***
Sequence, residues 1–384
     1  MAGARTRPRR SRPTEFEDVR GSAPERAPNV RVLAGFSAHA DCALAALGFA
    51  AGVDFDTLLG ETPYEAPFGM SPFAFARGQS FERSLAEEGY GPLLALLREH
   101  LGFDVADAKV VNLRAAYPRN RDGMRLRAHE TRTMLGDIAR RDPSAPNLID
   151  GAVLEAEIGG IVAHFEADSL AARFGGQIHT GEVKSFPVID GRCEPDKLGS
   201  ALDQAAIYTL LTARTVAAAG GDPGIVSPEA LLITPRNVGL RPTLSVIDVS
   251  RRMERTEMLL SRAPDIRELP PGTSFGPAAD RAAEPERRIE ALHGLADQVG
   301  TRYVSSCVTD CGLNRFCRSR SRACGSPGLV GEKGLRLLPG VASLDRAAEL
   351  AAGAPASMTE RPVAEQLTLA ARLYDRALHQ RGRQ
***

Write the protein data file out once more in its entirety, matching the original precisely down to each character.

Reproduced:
Sequence, residues 1–384
     1  MAGARTRPRR SRPTEFEDVR GSAPERAPNV RVLAGFSAHA DCALAALGFA
    51  AGVDFDTLLG ETPYEAPFGM SPFAFARGQS FERSLAEEGY GPLLALLREH
   101  LGFDVADAKV VNLRAAYPRN RDGMRLRAHE TRTMLGDIAR RDPSAPNLID
   151  GAVLEAEIGG IVAHFEADSL AARFGGQIHT GEVKSFPVID GRCEPDKLGS
   201  ALDQAAIYTL LTARTVAAAG GDPGIVSPEA LLITPRNVGL RPTLSVIDVS
   251  RRMERTEMLL SRAPDIRELP PGTSFGPAAD RAAEPERRIE ALHGLADQVG
   301  TRYVSSCVTD CGLNRFCRSR SRACGSPGLV GEKGLRLLPG VASLDRAAEL
   351  AAGAPASMTE RPVAEQLTLA ARLYDRALHQ RGRQ